Picador bags Gillett's 'shocking' dance music history

Picador bags Gillett's 'shocking' dance music history

Picador has bagged a “shocking, enlightening and engaging” social and political history of dance music in the UK by journalist and film-maker Ed Gillett.

Associate editor Paul Martinovic acquired world rights for Party Lines from Charlie Brotherstone at Brotherstone Creative Management. It will be published in 2023.

Party Lines is the account of how dance music culture “went from the egalitarian, ecstasy-fuelled Second Summer of Love in 1988, to its vastly different role in 21st-century culture, where wealthy DJs with links to the aristocracy play techno by night and evict tenants from increasingly gentrified neighbourhoods by day”.

It argues that attempts at regulation have actually resulted in a number of sweeping societal and political changes that have changed the landscape of this country, including the implementation of the Criminal Justice Act in 1994, a move made as a direct response to the growing popularity of rave culture but one that has resulted in a hugely controversial and complex legacy. The book will also examine the recent resurgence of illegal ‘lockdown’ raves, and the future of the dance party in the Covid era.

Gillet's work has appeared in the Guardian, Frieze, FACT Magazine and The Quietus. He also served as senior researcher on Jeremy Deller’s acclaimed rave documentary “Everybody in the Place: An Incomplete History of Britain 1984-1992”, and is currently producing a feature documentary on the history and legacy of Mississippi blues music.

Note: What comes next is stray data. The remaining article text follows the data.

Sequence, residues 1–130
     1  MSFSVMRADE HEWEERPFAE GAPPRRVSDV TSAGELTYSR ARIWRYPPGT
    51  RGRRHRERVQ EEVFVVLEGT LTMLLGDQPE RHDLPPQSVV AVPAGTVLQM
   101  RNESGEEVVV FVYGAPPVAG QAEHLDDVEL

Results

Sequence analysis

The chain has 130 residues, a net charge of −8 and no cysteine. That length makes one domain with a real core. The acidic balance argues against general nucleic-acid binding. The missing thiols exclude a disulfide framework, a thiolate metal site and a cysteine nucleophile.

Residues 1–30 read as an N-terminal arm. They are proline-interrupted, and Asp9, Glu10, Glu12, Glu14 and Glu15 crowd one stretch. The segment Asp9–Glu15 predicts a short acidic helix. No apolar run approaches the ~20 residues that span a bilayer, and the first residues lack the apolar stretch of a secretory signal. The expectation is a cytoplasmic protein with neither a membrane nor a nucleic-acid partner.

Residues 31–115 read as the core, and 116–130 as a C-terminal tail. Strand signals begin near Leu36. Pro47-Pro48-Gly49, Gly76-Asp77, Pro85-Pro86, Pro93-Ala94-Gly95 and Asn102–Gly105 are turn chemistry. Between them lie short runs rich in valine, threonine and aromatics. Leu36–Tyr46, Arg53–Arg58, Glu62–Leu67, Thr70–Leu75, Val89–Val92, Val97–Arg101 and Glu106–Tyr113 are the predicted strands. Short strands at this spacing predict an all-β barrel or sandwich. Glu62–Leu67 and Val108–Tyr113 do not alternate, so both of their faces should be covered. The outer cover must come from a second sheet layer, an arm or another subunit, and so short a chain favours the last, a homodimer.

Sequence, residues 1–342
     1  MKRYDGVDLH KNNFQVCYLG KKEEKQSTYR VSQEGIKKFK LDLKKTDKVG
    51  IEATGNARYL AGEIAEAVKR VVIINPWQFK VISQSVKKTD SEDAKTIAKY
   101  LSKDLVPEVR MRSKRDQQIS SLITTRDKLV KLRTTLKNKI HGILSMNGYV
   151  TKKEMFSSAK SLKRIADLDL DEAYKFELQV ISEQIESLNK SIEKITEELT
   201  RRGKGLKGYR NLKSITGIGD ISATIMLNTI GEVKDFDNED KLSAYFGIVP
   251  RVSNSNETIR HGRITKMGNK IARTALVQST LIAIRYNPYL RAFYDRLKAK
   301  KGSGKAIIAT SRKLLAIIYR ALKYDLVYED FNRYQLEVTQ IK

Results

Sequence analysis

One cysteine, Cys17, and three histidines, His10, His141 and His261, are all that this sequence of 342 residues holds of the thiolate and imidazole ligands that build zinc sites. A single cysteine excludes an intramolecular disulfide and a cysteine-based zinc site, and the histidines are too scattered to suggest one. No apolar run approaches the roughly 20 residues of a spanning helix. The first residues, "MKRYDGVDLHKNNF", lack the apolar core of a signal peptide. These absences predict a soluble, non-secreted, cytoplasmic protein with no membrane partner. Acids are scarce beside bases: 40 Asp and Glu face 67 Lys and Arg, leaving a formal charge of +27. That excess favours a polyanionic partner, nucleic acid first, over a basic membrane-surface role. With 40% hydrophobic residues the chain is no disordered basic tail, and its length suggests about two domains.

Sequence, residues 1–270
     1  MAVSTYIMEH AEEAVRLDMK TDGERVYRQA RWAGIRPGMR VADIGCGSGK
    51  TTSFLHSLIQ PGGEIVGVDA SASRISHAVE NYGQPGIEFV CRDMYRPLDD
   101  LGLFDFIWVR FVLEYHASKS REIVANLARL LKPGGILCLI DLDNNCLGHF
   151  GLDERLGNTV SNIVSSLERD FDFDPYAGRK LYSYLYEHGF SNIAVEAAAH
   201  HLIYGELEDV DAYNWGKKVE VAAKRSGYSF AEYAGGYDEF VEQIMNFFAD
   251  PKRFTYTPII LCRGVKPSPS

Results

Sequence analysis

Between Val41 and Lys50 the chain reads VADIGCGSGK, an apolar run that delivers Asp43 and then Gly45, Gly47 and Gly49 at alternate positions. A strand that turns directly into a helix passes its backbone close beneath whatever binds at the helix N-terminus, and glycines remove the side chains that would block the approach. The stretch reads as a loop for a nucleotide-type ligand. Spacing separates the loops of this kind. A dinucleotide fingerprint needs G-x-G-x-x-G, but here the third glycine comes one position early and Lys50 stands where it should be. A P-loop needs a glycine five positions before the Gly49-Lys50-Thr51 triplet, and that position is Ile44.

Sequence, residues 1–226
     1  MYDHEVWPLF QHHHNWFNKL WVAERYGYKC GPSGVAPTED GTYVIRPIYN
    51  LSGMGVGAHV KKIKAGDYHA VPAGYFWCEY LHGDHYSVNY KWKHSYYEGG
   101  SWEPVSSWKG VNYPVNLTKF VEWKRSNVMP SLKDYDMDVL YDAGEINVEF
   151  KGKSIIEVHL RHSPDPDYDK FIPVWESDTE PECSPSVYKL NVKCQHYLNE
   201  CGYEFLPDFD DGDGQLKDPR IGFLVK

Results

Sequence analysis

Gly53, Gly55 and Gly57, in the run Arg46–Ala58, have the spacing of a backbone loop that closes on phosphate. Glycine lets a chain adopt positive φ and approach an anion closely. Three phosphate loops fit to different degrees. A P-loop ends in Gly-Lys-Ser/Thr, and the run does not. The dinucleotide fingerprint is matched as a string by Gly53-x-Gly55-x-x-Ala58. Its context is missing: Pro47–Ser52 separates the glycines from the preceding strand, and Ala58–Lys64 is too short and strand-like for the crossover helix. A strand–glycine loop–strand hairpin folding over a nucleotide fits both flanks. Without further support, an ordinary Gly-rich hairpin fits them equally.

He said: “I'm absolutely elated to be working with Picador on my first book. Several of its titles, in particular the original publication of Simon Reynolds' Energy Flash, have been hugely inspirational for my own writing: following in those footsteps is honestly a dream come true. From the moment I started talking to Paul, it was clear that he and Picador understand intuitively what Party Lines is about: treating dance music as not merely a musical or cultural phenomenon, but a unique lens through which to re-examine Britain's social and political history. It's a story which I'm thrilled to explore, and can't wait to share with readers."

Martinovic commented: “I’ve been a fan of Ed’s journalism and documentaries for a while, so I was delighted to discover that Party Lines is infused with exactly the same ambitious, mischievous and inquisitive spirit that is present in his work for The Quietus and in the wonderful BBC documentary 'Everybody in the Place'. It is also persuasive and passionate in its argument that the regulation of dance culture in the UK is also a history of government-sanctioned systemic prejudice, and that the simple act of going out and dancing in this country has been for many decades an inherently politicised act. It feels like a book I've wanted to read for a long time and I couldn’t be more excited to be publishing it.”